— Dr. Fred Luskin, Forgive for Love, p. 135

God Giving Through Us

It will not help much if we simply remind ourselves:  God gives to the ungrateful, and so should we.  But it will help if we remember that it’s God who gives when we give.  For then we need to deflect gratitude that comes to us anyway.  We are not its proper addressees.  God is.  And if we are convinced that gratitude doesn’t properly belong to us, then ingratitude doesn’t touch us.  We are not disrespected by ingratitude; our pride is not injured.  The ingratitude of recipients wrongs not us but the gift-giving God — the God whose goodness “gladly loses its good deed on the unthankful.”  And so we too continue to give, even to the ungrateful.

The self in whom Christ is active is modest.  It doesn’t give in order to aggrandize itself, prove its moral worth, or demonstrate its power.  It can forget itself in the act of giving and reach out to neighbors in love — it gives in order to delight in others and to help them in their needs.

— Miroslav Volf, Free of Charge, p. 115

Love Rests on Choice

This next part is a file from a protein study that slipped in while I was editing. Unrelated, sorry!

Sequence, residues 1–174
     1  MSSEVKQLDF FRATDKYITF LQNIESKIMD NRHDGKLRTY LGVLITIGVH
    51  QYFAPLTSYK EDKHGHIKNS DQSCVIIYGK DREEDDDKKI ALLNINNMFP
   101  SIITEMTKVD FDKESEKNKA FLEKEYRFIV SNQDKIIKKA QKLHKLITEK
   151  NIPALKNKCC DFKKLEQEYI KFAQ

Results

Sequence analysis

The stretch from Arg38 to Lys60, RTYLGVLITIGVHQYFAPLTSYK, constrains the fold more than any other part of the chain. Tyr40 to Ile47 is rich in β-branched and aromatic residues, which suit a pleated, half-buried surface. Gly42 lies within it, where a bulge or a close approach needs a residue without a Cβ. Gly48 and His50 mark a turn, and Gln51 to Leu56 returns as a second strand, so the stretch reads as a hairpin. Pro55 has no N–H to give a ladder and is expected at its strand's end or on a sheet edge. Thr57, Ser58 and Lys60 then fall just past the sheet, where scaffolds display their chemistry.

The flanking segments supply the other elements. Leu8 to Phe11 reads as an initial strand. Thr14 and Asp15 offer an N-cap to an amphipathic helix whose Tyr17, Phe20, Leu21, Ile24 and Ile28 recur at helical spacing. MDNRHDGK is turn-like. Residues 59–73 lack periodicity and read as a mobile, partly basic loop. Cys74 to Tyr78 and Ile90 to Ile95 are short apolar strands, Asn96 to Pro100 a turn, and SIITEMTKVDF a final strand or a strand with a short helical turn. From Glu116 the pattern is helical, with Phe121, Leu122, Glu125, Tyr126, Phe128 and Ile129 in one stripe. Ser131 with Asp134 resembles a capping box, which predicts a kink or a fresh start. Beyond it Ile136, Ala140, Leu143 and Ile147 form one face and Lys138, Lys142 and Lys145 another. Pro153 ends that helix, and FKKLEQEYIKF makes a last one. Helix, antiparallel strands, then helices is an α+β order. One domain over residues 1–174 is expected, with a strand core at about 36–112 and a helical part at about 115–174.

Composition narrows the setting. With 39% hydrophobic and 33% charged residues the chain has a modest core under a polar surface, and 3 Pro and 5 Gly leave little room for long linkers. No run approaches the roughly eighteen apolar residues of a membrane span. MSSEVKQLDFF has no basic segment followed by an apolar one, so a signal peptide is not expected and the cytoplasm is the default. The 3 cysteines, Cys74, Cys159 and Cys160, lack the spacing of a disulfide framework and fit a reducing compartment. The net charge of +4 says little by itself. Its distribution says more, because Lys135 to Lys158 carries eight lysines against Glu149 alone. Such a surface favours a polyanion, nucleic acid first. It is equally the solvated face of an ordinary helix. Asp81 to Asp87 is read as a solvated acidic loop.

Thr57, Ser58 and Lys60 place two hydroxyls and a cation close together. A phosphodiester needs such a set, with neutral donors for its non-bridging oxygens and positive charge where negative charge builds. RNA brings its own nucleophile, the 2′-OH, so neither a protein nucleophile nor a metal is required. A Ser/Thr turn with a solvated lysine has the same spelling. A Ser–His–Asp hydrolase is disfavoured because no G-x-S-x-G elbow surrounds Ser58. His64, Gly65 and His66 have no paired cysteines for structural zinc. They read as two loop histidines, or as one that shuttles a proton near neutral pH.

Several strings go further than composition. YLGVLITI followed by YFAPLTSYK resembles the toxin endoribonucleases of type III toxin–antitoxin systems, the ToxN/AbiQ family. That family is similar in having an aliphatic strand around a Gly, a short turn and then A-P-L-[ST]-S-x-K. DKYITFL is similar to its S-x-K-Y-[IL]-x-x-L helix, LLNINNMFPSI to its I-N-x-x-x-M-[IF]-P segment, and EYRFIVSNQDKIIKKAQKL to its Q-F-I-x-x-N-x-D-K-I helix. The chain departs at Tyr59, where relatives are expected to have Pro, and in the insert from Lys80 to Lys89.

Real love can emerge only when there is choice.  If Sam is obliged to treat Carly exactly as she demands to be treated, then what is there for Sam to do but follow instructions?  If Carly gets to make all the decisions, then Sam is not really a full partner.  It is only real choice that allows romantic love to flourish.  Jack can tell Jill he will love her for the rest of his life, but he still has to wake up every day and do so.  If she hovers over him and rates his love for her by the hour, it will quickly be extinguished.  Jack will get tired of the judgments and the pressure to perform.  We cannot be forced to love.  As much as choice is a responsibility, it also provides the freedom to love and care and forgive.  The risks we take when we choose to love one particular person and the resulting uncertainty are the ground upon which true love emerges.